At FCVC we love senior pets—that’s why we are thrilled that November is Adopt a Senior Pet Month! If you’ve been thinking about adding a four-legged-friend to your family, consider opening your home and your heart to an older dog or cat in need.
These adorable senior dogs are available within a 35 mile radius of Johnstown, choosing “senior” under age – found using the Adopt-a-Pet search widget.
Senior Pets Have Trouble Finding Homes
While small kittens and puppies may be adorable, older pets are just as loving and loyal as their younger counterparts. Not to mention, adopting a senior animal companion comes with some cool advantages:
- Grown-up pets don’t require the constant monitoring and training that puppies and kittens do.
- Many are already house-trained.
- Since senior pets are fully grown, you’ll be immediately aware of important information like personality type and grooming requirements, making it easier to choose the perfect pet for your family.
It is a sad fact that senior pets are often the last to be adopted from shelters, putting them at an increased risk for euthanasia. When you adopt a senior pet, you’re not only welcoming a lifetime of love into your home, you’re also saving a precious life.
“Think of a pet that is already trained and doesn’t chew or scratch everything in sight — a pet who will love you unconditionally,” said Kim Saunders, Petfinder.com’s Vice President of Shelter Outreach and Public Relations. “That’s what you get when you adopt a senior pet.”
The Benefits Of Adopting Senior Pets
Some people worry that a senior pet comes with problems, but according to Hazel Blumberg-McKee of Tallahassee, FL, there are no disadvantages. “In most cases they’ve had a home and they want one again.” She adopted eight-and-a-half-year old Sadie, and has never regretted it. “An older animal is easier to deal with. And Sadie is still playful. She plays fetch and gallops all over the place.”
At animal shelters and rescue groups everywhere, there are loving, healthy senior pets like Sadie, looking for that one special home to cherish them for the rest of their life, and they don’t ask for much: just a warm place to sleep, good meals and plenty of love.
There are plenty of benefits to selecting an older pet over a younger one. Because senior pets are typically calmer and less energetic than puppies and kittens, it’s easier to teach them new tricks. In fact, many senior pets are already pros at performing basic commands. Their low-key natures can also make them ideal for households with children.
These adorable senior cats are available within a 35 mile radius of Johnstown, choosing “senior” under age – found using the Adopt-a-Pet search widget.
Senior Pets Are Easier To Handle
What some adopters of younger pets are unprepared for is what hard work it can be to housetrain a new puppy or kitten. You have to spend copious amounts of time training a new puppy to do their business outdoors or teach a kitten to remember where the litter box is. But older pets have often come to the shelter after years of living in a home, so they are usually already housetrained, saving you from weeks, months, or in some cases even years of stress.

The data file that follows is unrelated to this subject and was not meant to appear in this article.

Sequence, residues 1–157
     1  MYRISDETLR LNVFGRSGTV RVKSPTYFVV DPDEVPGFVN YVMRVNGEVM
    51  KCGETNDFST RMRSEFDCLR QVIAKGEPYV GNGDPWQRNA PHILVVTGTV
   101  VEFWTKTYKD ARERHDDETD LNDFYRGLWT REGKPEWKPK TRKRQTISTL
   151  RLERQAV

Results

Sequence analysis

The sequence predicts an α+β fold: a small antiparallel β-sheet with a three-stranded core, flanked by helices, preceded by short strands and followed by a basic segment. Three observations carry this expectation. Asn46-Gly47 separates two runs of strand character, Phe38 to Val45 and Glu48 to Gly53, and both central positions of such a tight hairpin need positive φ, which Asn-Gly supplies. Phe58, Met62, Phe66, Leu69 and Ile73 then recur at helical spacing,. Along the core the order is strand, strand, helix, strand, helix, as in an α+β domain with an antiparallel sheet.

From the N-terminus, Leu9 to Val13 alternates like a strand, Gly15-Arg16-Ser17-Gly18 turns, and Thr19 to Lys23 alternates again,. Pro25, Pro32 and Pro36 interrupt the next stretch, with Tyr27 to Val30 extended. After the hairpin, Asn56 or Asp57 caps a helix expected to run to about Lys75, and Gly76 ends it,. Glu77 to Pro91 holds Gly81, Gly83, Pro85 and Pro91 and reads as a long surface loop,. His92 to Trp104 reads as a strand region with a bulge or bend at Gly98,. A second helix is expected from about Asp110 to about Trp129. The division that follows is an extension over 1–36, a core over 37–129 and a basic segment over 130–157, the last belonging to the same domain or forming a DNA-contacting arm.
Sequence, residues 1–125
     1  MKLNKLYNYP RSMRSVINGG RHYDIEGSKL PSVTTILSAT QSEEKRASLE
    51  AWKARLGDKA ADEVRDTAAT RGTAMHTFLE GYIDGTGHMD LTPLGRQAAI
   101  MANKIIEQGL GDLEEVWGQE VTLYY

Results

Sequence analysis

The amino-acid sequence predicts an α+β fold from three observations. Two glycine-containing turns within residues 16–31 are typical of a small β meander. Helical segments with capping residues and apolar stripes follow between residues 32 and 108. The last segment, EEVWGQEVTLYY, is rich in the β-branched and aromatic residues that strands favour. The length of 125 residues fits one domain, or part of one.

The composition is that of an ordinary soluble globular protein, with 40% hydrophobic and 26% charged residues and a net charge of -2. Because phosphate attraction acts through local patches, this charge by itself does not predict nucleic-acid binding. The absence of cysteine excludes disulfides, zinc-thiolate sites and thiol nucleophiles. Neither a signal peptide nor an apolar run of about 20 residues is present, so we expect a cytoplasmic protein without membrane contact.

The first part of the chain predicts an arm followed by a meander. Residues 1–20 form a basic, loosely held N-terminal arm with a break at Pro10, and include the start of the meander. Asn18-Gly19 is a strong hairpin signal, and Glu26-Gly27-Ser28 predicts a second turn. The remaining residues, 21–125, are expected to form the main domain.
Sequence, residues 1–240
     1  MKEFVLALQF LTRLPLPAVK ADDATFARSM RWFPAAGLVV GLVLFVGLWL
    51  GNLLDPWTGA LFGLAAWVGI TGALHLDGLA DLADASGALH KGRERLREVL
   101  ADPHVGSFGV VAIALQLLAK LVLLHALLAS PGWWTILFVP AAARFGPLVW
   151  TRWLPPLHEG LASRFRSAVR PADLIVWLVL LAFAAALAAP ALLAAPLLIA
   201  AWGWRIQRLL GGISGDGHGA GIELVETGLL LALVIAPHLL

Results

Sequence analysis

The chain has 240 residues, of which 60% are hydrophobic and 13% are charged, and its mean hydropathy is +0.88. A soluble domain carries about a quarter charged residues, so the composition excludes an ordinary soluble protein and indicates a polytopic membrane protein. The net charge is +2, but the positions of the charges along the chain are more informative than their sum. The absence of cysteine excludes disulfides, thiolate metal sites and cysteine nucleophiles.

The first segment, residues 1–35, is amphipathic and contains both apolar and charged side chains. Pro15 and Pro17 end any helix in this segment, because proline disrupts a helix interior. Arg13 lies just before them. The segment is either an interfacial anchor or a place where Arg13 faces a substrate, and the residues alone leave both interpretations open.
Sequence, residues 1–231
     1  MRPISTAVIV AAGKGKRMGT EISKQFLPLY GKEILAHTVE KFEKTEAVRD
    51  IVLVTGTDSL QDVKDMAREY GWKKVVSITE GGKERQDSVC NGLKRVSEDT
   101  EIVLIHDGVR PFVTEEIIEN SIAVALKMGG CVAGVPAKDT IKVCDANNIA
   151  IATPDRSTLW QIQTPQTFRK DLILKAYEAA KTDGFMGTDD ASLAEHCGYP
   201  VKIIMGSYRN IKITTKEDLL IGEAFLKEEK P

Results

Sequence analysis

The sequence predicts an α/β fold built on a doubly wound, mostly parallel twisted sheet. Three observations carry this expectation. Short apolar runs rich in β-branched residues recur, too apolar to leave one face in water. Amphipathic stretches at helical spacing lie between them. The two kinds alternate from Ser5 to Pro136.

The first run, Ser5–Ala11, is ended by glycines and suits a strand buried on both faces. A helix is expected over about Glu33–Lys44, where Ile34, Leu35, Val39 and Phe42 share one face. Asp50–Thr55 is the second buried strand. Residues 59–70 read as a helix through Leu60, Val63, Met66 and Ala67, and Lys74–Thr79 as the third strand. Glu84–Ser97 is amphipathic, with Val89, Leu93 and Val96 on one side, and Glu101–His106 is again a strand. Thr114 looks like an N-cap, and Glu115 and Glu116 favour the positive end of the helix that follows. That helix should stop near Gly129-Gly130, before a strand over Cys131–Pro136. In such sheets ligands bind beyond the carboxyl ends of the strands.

Understanding the personality of an animal is key to finding the perfect match for your family and for that homeless pet. While young puppies and kittens are still developing their personalities, you’ll know right away whether a senior dog is a snuggle-bug or a senior cat is more of an independent spirit.
“What you see is what you get,” explains Joplin Humane Society Shelter Services Manager Connie Andrews. “Senior pets take out the guess work about how big a dog will get, what the kitten’s personality will be like when it grows up, or how much energy that puppy will have as an adult.”
What Do You Get When You Adopt A Senior Pet?
Adopters who add a senior pet to the family often get an entirely different level of satisfaction from the adoption experience, says Boston.
“You are truly saving a life that someone else turned away from,” she explains. “Senior pets have so much love and compassion still to share, and they make the most amazing companions.”
Bringing an older pet home from the shelter or rescue can have its own unique challenges, Boston admits. Sometimes, because the pet is at an advanced age, there can be some extra health issues to consider.
“Owning a senior pet is not necessarily ‘cheap,’” Boston explains. “They need regular vet care to insure that they keep their good health, and may need dental care and preventative vet care like blood work.”
But that, by no means, should deter someone from adopting a senior pet, Boston says. Depending on breed, lifestyle, and existing health issues, a senior dog or cat can still have plenty of healthy and happy years to give as your loving companion.
Senior Pet Adopters Don’t Regret It
Apparently, once an adopter goes senior, many say they would never go back to adopting a young whippersnapper. Senior pets make some of the most grateful adoptees, Shelter Manager of the Francisvale Home for Smaller Animals in Radnor, PA, Heather Hennessey, tells Mainline Media News.
“When an adopter comes along to take them in and give them comfort in their later years, they’re so grateful they treat you like a hero,” Hennessey says of senior dogs and cats.
Are you interested in adopting a senior dog or cat in honor of National Adopt a Senior Pet Month? During Adopt-A-Senior-Pet Month, take the opportunity to get acquainted with the older pets available at nearby shelters and rescue facilities. If you like you can take advantage of our Adopt-A-Pet widget located on our home page or at Adopt-A-Pet.com.
We realize that we do beat this drum quite a bit during the year – and there is a good reason why – there are over 17 MILLION pets in shelters in the USA. Won’t you help? The next time you consider getting a pet – please think about adopting a Senior Pet.